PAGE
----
But once antenatal depression is diagnosed, drug treatments are difficult decisions due to scarce safety usage information provided on legal drugs, including antidepressants that may prevent postpartum depression.

As for depressed women like Nesi who fall into the high-risk category of chronic mood disorders causing postpartum depression, antidepressants may be essential, says Lusskin, since “risks of untreated ailments are known (e.g. suffering postpartum depression) and may be worse than the potential harmful effects of taking the drug.”

Yet many women with milder cases of depression decline medications. Ariela Frieder, psychiatrist at Montefiore Medical Centre in NY, says treatment for these women should focus on the particular stressors and contributors to their mood disorder. “Depressions like postpartum depression have multiple origins, like life conditions, genetic factors, or a present history of depression,” says Frieder,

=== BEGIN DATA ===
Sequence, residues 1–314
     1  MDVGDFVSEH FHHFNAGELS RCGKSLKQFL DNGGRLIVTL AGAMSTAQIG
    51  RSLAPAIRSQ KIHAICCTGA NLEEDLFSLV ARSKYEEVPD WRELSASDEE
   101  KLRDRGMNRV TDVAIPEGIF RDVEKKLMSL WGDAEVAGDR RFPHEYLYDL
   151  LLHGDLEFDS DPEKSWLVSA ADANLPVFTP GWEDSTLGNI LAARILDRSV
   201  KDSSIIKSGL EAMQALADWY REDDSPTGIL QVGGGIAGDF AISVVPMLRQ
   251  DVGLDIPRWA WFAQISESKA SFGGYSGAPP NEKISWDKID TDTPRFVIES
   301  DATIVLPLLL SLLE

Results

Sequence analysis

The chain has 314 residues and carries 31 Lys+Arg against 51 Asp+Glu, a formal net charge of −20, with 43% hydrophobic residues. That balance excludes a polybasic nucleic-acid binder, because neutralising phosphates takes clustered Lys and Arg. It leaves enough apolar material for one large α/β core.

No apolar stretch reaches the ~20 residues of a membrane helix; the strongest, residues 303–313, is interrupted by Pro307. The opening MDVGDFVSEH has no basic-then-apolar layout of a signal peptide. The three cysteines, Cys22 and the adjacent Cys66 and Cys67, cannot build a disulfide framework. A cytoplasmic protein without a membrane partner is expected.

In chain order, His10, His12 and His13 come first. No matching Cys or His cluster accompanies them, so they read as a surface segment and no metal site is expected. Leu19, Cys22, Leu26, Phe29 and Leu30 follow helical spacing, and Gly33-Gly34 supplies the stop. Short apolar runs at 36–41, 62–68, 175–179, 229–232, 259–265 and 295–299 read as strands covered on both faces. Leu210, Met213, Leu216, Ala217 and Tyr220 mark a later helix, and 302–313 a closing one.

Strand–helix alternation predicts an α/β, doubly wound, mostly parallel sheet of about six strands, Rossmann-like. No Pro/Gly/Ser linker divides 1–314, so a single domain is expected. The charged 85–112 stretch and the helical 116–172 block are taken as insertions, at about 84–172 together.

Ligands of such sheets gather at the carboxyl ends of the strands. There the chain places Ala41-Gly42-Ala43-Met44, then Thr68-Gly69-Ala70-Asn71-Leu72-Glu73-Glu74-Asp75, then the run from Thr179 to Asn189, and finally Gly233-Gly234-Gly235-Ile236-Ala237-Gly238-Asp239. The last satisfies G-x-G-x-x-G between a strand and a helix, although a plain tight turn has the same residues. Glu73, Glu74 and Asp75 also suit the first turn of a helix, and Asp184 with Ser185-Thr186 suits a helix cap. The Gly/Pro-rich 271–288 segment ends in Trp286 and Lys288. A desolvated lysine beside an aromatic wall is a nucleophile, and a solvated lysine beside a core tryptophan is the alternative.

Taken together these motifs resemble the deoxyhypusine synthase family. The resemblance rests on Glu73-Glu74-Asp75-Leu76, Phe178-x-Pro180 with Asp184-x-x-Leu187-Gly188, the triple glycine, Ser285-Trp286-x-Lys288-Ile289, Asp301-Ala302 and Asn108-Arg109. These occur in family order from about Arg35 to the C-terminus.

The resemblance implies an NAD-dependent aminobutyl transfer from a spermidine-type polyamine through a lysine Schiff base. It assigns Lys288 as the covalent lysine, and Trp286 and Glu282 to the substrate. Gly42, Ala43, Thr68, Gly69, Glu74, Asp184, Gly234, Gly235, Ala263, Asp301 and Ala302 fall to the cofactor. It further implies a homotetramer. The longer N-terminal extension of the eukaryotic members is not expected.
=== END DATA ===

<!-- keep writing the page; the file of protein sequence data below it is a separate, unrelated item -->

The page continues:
At Touch Institute in Miami, massage therapist and psychologist Tiffany Field trains husbands and significant others to give their pregnant women restorative massages as her 2008 study of 200 depressed pregnant women discovered that women who received back massages biweekly have reduced stress hormones levels, depressive thoughts and premature birth and low birth weight in infants than women who did not get the massages.

Like many other conditions, social support from loved ones aids one’s health, preventing postpartum depression. Frieder feels that it’s “important to educate them and let them know what’s happening. Because a lot of times, [they] just don’t know how they can help”.